Third-quarter update: Who DID win it?

Fall Brawl, the season’s third major, started innocently and pleasantly enough, with burgers from the grill and all the trimmings at Chez Competitor. And with dinner came a crowd, clearly interested in just pulling up a chair and watching the third quarter of the Thursday Night Investment Club get decided.

With dinner now behind them, the contestants gathered around the Competitors dining room table for the action, although the crowd seemed more interested in the wine in another room. Perhaps they were watching on closed circuit as the cheering grew louder through the night.

Two plot lines would be completed at Fall Brawl.

Plot Line No. 1: Who would win the third quarter title? Magic Man held a 2-point edge over the reigning and defending overall champ, the Silent Assassin. Within striking distance, if the moon and stars aligned just right, was Hoot, but he needed to win and have Magic and the Assassin finish well back.

Plot Line No. 2: Could anyone catch the Assassin in the Big Game, for the overall title? He held a 19-point edge over the Competitor, whose early gains had been damaged by a recent streak of poor finishes. The Assassin was quoted as saying we’d know a lot about the final outcome from the outcome of Fall Brawl.

How right he was.

We started with six, as Daniel “No Nickname Yet” Gafford joined us for the second straight game, accompanied by his sidekicks, Ginny and Nyla. Play was tight early, although Magic Man raked several early small pots to build most of a third stack.

It wasn’t until the third level — blinds at 3 and 6 — that we lost a player. The Assassin, fighting all night with good hole cards that didn’t match the flops, pushed all in and got a call from Hoot, who picked that time to reveal pocket Aces.

The departure of the assassinated Assassin drew a secret grin from Magic, who felt he was a step closer to winning the third quarter and its monetary reward. The grin lasted just a few hands until Magic misplayed his only hand of the night and lost his entire stack to Daniel’s heart flush. Stunned, Magic could only sit and watch the rest of the night play out.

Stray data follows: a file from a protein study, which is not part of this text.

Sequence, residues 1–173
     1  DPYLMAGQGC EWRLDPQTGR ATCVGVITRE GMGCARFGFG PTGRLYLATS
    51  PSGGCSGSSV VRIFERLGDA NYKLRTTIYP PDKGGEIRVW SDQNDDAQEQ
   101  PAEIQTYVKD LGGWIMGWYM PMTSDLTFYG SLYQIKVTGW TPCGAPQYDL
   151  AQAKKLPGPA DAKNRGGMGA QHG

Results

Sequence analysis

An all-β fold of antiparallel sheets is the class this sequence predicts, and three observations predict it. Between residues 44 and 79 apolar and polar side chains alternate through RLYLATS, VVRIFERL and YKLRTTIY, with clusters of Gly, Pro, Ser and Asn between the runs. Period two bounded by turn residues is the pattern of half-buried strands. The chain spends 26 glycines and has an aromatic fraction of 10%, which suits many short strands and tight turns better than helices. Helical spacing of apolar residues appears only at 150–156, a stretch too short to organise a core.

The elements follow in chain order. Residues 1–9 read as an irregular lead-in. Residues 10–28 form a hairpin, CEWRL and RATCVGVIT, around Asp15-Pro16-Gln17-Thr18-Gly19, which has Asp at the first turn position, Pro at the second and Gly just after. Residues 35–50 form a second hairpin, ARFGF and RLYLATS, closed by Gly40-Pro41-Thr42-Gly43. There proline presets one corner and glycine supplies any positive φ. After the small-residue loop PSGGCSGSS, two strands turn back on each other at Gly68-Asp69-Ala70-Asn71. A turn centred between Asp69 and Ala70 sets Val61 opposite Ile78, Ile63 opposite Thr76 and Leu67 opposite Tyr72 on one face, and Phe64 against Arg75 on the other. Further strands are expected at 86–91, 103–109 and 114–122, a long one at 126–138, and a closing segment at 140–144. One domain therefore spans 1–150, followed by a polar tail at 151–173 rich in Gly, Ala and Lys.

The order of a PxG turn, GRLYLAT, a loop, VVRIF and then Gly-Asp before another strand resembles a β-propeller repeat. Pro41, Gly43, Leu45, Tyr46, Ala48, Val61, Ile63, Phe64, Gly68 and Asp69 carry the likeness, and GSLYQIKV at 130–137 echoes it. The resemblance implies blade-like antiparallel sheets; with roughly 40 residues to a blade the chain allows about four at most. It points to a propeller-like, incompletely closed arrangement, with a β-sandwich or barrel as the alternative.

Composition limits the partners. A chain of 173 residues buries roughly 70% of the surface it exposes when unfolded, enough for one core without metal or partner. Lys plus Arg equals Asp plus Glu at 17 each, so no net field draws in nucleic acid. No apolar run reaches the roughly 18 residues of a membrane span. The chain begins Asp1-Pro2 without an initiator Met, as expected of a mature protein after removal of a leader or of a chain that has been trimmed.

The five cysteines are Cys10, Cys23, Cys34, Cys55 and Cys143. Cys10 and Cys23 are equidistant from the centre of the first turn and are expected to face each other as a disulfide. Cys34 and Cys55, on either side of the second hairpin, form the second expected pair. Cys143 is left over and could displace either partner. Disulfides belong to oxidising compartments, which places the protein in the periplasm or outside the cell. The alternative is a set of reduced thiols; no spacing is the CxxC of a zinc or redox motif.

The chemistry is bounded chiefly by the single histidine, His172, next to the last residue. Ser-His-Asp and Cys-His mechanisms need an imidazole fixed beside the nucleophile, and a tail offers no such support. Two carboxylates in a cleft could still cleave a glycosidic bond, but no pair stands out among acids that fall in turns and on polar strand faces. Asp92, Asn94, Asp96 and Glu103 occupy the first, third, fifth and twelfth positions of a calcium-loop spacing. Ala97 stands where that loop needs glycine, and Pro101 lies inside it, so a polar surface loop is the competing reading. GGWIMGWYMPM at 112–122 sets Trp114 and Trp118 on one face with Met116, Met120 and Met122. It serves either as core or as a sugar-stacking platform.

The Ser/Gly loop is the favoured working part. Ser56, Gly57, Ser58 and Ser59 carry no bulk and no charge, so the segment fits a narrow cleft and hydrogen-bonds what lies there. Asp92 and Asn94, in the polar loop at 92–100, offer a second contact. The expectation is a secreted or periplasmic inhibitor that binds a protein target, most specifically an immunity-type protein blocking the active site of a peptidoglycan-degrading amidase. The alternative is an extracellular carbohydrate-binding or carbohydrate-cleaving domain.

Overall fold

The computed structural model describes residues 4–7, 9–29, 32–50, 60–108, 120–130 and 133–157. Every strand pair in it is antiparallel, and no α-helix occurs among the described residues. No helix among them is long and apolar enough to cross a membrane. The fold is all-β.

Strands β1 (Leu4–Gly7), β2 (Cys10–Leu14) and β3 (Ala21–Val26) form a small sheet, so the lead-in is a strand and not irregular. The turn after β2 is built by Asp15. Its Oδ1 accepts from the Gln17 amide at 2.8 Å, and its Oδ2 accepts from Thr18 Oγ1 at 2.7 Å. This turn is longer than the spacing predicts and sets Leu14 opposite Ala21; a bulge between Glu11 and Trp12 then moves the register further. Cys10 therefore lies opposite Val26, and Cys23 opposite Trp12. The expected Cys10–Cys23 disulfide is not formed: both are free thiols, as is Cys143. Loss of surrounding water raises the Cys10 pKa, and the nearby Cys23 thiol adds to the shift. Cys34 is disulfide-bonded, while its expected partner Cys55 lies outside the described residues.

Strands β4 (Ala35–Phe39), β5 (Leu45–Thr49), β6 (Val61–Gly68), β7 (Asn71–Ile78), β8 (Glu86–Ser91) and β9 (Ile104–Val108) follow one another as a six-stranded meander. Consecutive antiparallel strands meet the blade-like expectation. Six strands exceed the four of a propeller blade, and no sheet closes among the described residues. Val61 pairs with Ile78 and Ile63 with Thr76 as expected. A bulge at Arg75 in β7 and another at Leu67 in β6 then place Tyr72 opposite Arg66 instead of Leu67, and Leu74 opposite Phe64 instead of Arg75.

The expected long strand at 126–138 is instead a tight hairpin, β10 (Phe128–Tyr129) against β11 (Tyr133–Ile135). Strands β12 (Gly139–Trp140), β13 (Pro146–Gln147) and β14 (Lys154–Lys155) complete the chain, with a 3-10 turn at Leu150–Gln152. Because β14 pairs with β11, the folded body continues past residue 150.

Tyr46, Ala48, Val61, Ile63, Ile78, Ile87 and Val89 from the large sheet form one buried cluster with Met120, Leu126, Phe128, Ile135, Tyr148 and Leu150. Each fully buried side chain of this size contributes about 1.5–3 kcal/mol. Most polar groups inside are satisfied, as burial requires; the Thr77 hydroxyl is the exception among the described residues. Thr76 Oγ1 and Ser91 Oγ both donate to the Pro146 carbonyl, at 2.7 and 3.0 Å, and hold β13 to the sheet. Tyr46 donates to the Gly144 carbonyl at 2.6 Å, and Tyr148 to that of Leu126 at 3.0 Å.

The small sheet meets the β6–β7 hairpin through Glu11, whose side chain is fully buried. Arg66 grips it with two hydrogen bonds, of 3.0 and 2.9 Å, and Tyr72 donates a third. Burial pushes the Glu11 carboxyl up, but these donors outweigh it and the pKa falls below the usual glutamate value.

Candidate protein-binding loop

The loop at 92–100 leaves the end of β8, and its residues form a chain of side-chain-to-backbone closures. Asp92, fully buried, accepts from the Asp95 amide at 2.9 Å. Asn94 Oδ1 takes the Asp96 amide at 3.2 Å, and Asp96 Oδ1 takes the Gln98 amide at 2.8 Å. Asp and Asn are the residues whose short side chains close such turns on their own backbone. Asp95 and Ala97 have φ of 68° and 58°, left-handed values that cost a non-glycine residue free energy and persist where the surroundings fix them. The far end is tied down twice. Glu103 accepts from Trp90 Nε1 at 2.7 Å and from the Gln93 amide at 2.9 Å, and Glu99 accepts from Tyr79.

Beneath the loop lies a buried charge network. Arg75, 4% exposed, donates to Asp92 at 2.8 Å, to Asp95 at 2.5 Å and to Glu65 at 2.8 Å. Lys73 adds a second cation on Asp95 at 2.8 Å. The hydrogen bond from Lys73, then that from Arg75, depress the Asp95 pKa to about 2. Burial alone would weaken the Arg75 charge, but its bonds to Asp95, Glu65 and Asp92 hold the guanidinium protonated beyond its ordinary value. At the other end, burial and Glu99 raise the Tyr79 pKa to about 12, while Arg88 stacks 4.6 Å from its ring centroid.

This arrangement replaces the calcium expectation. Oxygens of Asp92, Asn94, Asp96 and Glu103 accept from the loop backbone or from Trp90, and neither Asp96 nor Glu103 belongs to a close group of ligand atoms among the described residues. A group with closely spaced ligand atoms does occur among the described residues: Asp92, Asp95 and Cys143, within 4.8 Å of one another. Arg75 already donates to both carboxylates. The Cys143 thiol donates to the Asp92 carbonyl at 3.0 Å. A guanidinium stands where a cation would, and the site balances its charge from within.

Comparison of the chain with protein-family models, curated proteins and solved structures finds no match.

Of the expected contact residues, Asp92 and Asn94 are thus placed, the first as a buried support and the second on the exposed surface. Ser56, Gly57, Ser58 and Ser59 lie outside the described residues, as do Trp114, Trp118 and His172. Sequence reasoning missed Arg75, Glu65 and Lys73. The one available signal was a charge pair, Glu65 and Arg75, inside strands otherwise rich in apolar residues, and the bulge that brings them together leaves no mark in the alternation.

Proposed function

It appeared that Peel-Out would be next to depart, but he slowly rebuilt and by the time Daniel was knocked out, the remaining chip stacks of the Competitor, Hoot and Peel-Out were about even. Play moved from 3-6 to 4-8 and a decisive hand came when Hoot and Peel-Out, father and son went at it with all Hoot’s chips on the line. Only a 10 could save Peel-Out on the River and that’s what the Competitor turned over. The card not only eliminated Hoot, it gave Magic Man the third quarter title.

Hoot slunk from the table in disbelief, leaving Peel-Out, holding a big edge, and the Competitor stacking their chips for head-to-head. And just like the previous week, when Peel-Out overcame a 9-1 chip deficit against Magic Man, Competitor came out on top, using the home-table advantage to its best possible outcome.

As for the second plot line, Competitor’s victory in a double-points game, closed the gap with the Assassin considerably. The lead is now 6 points with an entire quarter to play.

Gary Robinson posted at 2010-9-28 Category: Poker

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